United Way raises $31.8 million


Bob Nelkin got right to the heart of the issue. "It says something special about Pittsburgh."

Nelkin is the President and Chief Executive Officer of the United Way of Allegheny County, and on Thursday he was at a luncheon in Downtown Pittsburgh attended by some 500 people and talking about the agency being able to have its best year since 2003. Charitable contributions were up by $1 million this year, which meant the United Way of Allegheny County raised some $31.8 million in 2010 to fund local social agencies and programs.

Steelers President Art Rooney II serves as the Chairman of the Board of the United Way of Allegheny County, and he also was gratified with the results.

"I am very pleased with the results of the 2010 United Way Campaign. Our Campaign Chair, Pat Hassey and his Campaign Cabinet did an outstanding job. We were also very fortunate to have Dave Roderick come back to help Chair our 25th Tocqueville Society Campaign, which resulted in 78 new Tocqueville Society members. We had a great team working on this year's campaign, and the community responded with a record number of contributions. I just want to thank everyone for their outstanding support of our United Way."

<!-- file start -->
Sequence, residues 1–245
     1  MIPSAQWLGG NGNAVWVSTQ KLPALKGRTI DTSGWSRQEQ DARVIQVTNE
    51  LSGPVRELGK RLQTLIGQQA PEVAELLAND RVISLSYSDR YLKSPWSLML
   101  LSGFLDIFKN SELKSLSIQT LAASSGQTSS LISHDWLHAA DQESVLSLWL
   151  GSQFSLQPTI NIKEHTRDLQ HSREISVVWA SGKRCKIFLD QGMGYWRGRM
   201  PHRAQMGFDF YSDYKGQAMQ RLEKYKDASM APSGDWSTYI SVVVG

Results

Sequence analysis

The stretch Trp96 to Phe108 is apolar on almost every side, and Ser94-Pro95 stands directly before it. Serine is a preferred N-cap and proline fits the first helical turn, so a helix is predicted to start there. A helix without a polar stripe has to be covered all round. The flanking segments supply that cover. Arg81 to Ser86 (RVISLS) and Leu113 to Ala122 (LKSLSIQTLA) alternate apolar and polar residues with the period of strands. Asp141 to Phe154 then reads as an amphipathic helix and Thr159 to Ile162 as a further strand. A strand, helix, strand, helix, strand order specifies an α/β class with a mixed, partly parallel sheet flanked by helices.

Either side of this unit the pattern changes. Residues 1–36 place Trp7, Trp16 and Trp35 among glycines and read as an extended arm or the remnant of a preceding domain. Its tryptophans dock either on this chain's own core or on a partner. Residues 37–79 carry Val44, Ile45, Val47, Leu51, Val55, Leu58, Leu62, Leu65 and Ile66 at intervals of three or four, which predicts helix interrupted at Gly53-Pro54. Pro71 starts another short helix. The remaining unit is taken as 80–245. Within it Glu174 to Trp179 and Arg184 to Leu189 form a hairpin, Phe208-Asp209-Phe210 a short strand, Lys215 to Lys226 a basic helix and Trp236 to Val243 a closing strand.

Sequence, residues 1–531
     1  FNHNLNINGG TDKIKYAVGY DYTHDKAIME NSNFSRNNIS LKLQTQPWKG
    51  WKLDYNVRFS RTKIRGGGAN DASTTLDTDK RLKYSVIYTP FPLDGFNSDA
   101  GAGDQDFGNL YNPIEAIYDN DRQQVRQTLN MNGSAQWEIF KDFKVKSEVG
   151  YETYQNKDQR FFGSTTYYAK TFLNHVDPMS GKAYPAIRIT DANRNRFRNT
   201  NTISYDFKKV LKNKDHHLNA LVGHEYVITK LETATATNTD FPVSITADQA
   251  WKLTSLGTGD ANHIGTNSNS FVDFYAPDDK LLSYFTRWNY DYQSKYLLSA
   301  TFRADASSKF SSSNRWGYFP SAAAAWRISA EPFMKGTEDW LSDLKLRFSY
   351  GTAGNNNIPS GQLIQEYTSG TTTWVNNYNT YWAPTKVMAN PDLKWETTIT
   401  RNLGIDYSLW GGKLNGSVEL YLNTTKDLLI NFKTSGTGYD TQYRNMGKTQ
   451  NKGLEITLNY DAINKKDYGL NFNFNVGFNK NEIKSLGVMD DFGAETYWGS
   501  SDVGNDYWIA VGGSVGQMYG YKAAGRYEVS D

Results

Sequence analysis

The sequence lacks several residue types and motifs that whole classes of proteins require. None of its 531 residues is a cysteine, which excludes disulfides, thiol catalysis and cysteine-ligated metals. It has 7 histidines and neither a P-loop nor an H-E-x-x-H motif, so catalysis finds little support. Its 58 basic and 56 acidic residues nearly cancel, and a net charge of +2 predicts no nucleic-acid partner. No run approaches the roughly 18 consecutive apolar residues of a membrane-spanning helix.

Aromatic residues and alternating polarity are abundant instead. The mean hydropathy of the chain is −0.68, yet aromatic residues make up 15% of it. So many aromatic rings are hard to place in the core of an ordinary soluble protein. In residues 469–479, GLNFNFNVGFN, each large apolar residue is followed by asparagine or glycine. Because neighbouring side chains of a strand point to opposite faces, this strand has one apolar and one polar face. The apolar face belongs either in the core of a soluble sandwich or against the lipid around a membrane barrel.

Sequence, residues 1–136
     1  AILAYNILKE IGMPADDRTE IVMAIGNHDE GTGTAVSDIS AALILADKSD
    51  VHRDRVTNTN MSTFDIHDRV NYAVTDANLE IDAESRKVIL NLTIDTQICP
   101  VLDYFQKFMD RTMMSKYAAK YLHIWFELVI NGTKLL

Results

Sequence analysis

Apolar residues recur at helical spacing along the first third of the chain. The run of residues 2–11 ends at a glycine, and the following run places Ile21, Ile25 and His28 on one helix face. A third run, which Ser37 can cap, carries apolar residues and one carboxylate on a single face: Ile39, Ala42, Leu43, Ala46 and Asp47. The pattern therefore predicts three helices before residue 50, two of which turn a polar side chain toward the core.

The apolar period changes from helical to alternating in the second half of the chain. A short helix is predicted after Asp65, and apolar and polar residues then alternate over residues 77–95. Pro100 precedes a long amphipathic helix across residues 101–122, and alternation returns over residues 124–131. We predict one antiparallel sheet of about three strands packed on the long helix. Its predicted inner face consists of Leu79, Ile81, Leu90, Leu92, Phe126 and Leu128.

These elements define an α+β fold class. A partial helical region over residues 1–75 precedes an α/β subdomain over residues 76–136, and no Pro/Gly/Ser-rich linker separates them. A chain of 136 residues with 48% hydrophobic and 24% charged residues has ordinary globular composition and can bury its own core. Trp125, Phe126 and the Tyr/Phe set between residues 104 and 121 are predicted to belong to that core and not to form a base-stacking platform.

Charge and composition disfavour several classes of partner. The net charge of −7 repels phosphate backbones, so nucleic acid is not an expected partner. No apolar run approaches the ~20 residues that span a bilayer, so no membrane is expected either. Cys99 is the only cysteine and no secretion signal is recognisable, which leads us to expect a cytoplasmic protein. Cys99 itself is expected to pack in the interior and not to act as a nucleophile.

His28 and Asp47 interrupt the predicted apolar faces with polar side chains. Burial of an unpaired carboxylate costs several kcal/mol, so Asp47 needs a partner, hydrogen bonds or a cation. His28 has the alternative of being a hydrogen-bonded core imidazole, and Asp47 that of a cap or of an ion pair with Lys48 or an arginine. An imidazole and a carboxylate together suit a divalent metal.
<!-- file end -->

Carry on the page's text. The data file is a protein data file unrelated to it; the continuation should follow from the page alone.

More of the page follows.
The Tocqueville Society is made up of members who contribute $10,000 or more annually to the United Way, and Roderick increased membership by a record 78 for 2010. For his efforts, Roderick, the former CEO of U.S . Steel, received the Volunteer of the Year Award from the United Way for his efforts.

Hassey, the recently retired CEO of Allegheny Technologies Incorporated, headed up the United Way's capital campaign, which began on Sept. 2 and concluded on April 30. More than 60,000 people took part in the fundraising campaign, and the agency added more than two dozen new workplace drives last year to spur the boost in contributions.

Rooney also praised Nelkin's efforts in tightening the operating costs, a practice that effectively increases the amount of money received by the programs. In 2002, operating costs were 18.7 percent, but those had been trimmed to 12 percent by 2010.

"(The United Way board) is proud of the efficiency we've been able to bring to our operations," said Rooney. "Bob Nelkin makes sure that we operate as efficiently as possible and that then makes sure the dollars that are donated, the maximum amount, get to our agencies."

This good news comes at a time when worries increase about cuts in government funding to social programs. The local United Way leaders will be backing lobbying efforts to hold off cuts, especially to programs such as all-day kindergarten and early childhood education. A joint partnership with the Pittsburgh Foundation and some 100 other nonprofits called Why Cut What Works? is leading those efforts.

"As government at the state and federal and local levels shrinks and contracts, I think more than ever a strong United Way is needed," said Nelkin.

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